It’s a fact: people are living longer today. That’s great news. That also means the odds of requiring some sort of long-term care, be it home care, a nursing home, or assisted living, will go up as you age.

Yikes. The associated costs can sound a little scary – especially if you have assets you would like to protect. A solution that’s gaining in popularity is long-term care insurance (LTCI).


Who is eligible for Long-Term Care insurance?


LTCI is not just for the elderly. It applies to anyone who can no longer independently perform basic activities of daily living (ADLs) – such as bathing, dressing, or eating – due to illness, injury, or cognitive disorder. LTCI covers a large number of settings – private homes, assisted living facilities, adult day care centers, and nursing homes.


If I already have health insurance or Medicare and Medigap won’t that cover my needs?


Hopefully you’ll never need long-term care but you should be prepared for the possibility. HMO’s, Medicare, and Medigap don’t pay for most long-term expenses which can be very pricey. This means you would have to exhaust a large portion of your life savings before you become eligible for Medicaid – which has strict financial eligibility requirements.



This being said – a LTCI policy isn’t for everyone. Here are a few things to consider:


· Are you between the ages of 40 and 84?

· Do you have significant assets you would like to protect?

· Can you afford the premiums (now and in the future)?

· Are you insurable and in good health?

· Do you treasure peace of mind for yourself and your loved ones should the need for long-term care arise?


What will it cost me to get a LTCI policy?


No doubt about it: it’s often expensive. Still – the cost depends on many factors, including the type of policy (size of benefit, length of benefit, etc…). Premiums are also based, in large part, on your age at the time of purchase. The younger you are the lower your premiums will be.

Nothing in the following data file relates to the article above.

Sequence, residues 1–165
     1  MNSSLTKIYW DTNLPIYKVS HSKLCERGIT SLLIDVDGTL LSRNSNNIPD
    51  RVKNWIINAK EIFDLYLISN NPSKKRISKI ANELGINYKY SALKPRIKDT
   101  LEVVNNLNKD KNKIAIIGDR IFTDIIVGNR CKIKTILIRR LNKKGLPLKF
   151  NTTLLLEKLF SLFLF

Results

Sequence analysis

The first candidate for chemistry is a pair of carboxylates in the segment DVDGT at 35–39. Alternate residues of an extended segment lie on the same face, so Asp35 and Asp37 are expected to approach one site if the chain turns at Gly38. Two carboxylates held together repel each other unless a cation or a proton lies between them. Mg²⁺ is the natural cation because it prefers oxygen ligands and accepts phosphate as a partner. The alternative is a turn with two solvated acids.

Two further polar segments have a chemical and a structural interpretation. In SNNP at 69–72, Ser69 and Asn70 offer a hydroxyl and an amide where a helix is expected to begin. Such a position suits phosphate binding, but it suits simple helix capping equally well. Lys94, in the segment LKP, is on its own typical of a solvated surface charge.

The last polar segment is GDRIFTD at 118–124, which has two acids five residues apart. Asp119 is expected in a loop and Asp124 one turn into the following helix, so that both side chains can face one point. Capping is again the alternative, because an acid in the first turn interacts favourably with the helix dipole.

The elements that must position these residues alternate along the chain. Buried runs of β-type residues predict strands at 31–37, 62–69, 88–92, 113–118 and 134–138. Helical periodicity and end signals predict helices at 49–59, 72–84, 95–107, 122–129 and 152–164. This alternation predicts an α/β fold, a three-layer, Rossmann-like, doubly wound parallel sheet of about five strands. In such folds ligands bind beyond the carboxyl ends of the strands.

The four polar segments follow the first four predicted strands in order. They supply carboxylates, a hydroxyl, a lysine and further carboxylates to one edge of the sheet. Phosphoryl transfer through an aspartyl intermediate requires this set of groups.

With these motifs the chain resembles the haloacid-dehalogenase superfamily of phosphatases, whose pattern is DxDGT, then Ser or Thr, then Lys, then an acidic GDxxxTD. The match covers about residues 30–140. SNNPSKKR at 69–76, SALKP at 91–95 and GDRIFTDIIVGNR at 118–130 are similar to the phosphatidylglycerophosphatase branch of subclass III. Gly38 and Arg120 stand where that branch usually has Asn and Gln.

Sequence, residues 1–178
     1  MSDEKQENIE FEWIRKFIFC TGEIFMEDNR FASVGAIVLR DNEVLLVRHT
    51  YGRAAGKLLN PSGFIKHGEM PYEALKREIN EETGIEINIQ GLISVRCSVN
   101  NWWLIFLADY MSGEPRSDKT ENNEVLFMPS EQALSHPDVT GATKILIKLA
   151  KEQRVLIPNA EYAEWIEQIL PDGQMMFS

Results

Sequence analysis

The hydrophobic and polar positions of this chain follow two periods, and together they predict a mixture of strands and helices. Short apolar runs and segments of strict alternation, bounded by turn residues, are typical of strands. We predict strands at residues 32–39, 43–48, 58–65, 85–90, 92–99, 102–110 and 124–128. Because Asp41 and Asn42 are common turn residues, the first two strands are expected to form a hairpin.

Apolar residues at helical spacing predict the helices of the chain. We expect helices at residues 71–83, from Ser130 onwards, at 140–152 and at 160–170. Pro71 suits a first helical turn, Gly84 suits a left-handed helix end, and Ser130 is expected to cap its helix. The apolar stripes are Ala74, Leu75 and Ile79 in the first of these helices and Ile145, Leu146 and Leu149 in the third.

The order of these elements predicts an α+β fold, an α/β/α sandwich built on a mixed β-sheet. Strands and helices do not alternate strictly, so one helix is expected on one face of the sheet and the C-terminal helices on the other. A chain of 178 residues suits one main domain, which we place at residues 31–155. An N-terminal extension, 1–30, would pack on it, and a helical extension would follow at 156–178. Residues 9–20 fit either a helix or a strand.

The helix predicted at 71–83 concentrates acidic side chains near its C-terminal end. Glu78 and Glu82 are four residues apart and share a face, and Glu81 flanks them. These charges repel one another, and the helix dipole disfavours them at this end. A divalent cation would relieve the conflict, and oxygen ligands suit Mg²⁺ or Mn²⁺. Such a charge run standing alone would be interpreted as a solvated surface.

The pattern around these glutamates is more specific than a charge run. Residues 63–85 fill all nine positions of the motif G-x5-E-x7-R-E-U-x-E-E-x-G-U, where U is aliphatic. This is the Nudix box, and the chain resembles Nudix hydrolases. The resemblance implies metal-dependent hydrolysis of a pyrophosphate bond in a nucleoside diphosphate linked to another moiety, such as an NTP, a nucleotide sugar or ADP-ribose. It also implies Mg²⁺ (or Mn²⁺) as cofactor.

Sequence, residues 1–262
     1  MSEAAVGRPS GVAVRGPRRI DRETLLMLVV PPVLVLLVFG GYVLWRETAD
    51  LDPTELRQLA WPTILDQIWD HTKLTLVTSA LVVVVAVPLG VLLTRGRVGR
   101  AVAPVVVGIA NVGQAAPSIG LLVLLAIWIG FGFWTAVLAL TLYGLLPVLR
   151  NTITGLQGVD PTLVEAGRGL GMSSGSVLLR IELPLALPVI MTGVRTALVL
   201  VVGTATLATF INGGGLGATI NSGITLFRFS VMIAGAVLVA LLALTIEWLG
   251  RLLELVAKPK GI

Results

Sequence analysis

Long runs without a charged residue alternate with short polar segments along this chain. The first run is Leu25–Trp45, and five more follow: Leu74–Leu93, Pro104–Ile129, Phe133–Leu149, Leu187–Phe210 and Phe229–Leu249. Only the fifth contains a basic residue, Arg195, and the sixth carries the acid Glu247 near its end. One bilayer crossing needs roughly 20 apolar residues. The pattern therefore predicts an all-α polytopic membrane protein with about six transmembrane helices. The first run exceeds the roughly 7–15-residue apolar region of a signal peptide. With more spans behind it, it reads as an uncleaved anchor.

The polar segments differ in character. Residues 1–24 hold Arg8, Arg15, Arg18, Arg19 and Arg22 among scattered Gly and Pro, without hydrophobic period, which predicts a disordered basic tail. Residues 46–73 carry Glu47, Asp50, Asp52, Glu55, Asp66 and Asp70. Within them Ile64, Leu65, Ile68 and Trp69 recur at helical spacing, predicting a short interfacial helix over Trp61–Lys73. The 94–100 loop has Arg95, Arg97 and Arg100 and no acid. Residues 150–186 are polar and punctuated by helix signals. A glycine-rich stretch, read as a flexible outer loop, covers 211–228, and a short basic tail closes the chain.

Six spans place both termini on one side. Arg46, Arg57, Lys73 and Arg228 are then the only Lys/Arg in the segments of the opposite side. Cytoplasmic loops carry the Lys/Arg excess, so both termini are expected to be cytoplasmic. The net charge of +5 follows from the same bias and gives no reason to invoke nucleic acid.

OK – so I’ve decided it’s right for me. How does it work?


Typically, it works like this: you pay a premium, and when the benefits are triggered the policy pays a selected dollar amount a day (for a set period of time) for the type of case outlined in the policy. Most policies provide that certain physical and or mental impairments will trigger benefits. The most common method is based on your inability to perform certain activities (ADLs) such as eating, bathing, dressing, continence, toileting, and transferring (moving in and out of bed). Normally, you’ll need 2 or 3 ADL’s in order to collect benefits.


Some policies, however, will begin paying benefits only if your doctor certifies the care to be medically necessary. Others will offer benefits for cognitive or mental incapacity demonstrated by your inability to pass certain tests.


Can you give me a real-life example?


Sure. Karen purchased a policy shortly after becoming widowed. Her goals were to continue living in her home if and when she should become incapacitated, and, in so doing, preserve as many of her assets as possible as a legacy for her children. As Karen aged her ADLs increased and she became eligible to start collecting on her insurance. Today, Karen is living in her home with full-time care paid for by her LTCI policy. In addition to Karen being able to remain in her home she has peace of mind knowing that her assets are protected for the life of her policy.


Who can I contact should I have more questions?


We at Heritage Advisory Group are here to answer any further questions you should have regarding a LTCI policy. You can be rest assured in our experience and knowledge on this subject.